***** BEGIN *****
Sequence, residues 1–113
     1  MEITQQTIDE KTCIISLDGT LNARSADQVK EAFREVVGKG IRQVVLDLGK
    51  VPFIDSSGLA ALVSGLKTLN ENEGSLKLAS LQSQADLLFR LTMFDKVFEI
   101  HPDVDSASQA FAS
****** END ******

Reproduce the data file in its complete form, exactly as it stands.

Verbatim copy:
Sequence, residues 1–113
     1  MEITQQTIDE KTCIISLDGT LNARSADQVK EAFREVVGKG IRQVVLDLGK
    51  VPFIDSSGLA ALVSGLKTLN ENEGSLKLAS LQSQADLLFR LTMFDKVFEI
   101  HPDVDSASQA FAS